Two thirds of auditors who regularly inspect factories in Asia have discovered cases of child labour over the past two years, a survey has revealed.
But only in around one third of cases could the auditor ensure the child was removed from the workplace, said the study by the Center for Child Rights and Corporate Social Responsibility (CCR CSR).
The report found 64% of auditors in Asia had encountered child labour in the past two years.
The survey was drawn up from the responses of 557 auditors in more than nine countries – mainly China, India, Bangladesh and Vietnam. Of the respondents, 385 were from China.
“The result of the auditor survey confirms that child labour risks still exist in the first-tier supply chains of international brands, and probably to a greater extent than some may have expected,” said the study.
Of the auditors working in China, 63% said that dropping out of school is the main reason for children to start working.
In other parts of Asia, however, auditors said poverty was the principal reason for child labour.
Regulations and many brands’ zero-tolerance policies were circumvented mainly by lack of age-verification procedures in Vietnam or by forged or borrowed ID cards in China.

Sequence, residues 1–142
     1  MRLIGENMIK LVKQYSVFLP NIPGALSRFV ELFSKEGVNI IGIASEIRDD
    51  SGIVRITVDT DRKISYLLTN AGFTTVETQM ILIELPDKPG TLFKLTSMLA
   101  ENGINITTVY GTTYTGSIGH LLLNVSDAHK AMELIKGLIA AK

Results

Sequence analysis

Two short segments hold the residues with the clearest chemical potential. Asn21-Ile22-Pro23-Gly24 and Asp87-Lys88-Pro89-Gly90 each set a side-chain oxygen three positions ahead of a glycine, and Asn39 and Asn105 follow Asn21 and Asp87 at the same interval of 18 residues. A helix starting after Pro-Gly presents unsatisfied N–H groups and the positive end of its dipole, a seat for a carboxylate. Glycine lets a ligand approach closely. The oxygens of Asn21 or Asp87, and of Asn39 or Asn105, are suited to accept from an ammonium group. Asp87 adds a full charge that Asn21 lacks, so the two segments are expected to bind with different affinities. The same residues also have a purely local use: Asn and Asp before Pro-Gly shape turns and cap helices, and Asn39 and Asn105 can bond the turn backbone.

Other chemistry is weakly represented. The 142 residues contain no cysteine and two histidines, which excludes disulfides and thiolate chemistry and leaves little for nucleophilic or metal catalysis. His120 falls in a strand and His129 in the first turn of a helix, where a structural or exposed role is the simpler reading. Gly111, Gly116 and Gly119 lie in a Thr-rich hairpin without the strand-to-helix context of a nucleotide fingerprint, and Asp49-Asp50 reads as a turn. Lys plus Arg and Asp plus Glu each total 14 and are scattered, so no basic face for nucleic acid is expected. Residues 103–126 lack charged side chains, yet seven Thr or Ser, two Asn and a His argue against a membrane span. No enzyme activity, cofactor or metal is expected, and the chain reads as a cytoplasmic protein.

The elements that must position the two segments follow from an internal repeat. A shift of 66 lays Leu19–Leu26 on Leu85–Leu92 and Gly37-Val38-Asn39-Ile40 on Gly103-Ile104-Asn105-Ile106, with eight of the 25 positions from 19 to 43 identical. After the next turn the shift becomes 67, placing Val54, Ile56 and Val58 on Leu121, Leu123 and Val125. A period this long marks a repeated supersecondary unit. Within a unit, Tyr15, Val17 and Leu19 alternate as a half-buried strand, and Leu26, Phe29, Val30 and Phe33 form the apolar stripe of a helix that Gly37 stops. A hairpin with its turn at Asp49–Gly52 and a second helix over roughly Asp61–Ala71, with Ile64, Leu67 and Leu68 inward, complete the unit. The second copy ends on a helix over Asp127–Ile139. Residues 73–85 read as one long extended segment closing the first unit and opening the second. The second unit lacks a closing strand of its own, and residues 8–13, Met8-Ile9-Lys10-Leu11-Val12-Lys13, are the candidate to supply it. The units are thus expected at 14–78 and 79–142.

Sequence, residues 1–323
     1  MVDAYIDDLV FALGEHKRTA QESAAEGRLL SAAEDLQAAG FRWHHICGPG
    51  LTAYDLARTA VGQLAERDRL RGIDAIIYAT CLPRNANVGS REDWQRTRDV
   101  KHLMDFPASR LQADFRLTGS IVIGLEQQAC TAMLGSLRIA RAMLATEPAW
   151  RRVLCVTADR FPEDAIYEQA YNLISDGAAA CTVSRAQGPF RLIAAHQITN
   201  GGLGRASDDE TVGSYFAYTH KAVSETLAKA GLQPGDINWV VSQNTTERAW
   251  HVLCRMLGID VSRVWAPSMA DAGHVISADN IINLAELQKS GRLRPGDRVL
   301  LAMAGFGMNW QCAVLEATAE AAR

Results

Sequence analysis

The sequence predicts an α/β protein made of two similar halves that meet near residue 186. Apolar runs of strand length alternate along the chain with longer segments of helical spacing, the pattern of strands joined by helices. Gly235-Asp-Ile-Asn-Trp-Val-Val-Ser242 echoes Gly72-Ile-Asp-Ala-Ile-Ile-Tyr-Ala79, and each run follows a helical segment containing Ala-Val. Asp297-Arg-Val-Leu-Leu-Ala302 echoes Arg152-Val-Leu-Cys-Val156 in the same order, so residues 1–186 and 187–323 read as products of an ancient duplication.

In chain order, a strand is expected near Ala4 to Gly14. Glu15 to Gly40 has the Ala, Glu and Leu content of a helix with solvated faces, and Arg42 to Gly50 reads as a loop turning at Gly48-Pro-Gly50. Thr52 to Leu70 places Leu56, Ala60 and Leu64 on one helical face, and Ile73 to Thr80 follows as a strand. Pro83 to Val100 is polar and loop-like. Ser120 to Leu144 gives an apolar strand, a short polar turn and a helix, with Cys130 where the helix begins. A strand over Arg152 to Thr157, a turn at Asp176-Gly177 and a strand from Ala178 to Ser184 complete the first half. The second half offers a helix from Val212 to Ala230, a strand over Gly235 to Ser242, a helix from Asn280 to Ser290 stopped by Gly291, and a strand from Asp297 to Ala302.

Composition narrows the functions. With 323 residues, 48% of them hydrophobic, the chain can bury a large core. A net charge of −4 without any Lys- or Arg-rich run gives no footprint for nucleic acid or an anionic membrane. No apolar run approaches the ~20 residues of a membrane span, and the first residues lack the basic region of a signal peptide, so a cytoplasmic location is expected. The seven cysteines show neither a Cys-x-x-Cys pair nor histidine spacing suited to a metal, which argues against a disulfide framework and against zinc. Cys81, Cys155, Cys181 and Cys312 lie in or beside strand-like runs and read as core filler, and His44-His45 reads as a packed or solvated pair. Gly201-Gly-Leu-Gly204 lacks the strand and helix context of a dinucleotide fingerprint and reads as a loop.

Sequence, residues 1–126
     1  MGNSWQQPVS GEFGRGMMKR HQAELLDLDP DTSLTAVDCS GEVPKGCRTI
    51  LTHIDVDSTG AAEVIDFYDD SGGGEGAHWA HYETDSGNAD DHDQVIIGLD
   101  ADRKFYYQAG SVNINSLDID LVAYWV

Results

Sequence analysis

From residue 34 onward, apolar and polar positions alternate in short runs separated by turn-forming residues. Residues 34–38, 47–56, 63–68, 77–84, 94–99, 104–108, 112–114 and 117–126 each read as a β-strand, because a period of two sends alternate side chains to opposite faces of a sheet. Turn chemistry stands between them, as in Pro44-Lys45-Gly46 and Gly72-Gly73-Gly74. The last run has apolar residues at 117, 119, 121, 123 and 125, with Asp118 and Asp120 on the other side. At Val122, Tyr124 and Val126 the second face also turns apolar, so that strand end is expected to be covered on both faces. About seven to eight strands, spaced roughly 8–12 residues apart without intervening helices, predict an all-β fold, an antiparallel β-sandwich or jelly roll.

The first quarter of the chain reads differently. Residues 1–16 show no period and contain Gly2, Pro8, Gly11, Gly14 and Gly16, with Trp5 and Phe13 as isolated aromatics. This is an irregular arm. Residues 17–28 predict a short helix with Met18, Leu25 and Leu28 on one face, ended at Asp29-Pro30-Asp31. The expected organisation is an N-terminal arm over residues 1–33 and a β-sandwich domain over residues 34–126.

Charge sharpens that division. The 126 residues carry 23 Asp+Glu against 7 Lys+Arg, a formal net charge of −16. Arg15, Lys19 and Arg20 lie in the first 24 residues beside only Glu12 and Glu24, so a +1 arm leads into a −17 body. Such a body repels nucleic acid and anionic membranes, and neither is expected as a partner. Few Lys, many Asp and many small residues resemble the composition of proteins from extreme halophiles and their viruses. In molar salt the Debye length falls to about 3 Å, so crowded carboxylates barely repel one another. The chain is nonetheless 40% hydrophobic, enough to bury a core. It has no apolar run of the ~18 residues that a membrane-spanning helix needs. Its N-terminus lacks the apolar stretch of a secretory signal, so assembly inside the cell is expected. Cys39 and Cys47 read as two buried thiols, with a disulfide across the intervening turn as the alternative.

In China, 59% of auditors believe that factories “overlooking” the workers’ age due to heavy demand for labour contributes to the problem. Outside of China, lack of age verification was considered to contribute more to child labour.
The study quotes one auditor from Vietnam as saying: “There are two reasons for the factories to hire child labourers: 1) lack of employees, 2) cheap labour because the salary of child labourers is only 50% of normal workers.”
Almost three quarters (71%) of auditors said they had found most children working in simple production processes, such as finishing and packaging, with very few in heavy manufacturing.
Lack of follow-up or the child “disappearing” were cited as the most common reasons for lack of further action when children were found in factories. This situation could be avoided with more involvement from NGOs or social services, the authors said.
The report said its findings point to “serious capacity gaps in factories' HR procedures, which complicate both child labour prevention and response protocols”.
CCR CSR said while its survey almost exclusively covered the manufacturing industry, most child labour is found in the agricultural and service sectors, with only 7% occurring in industry.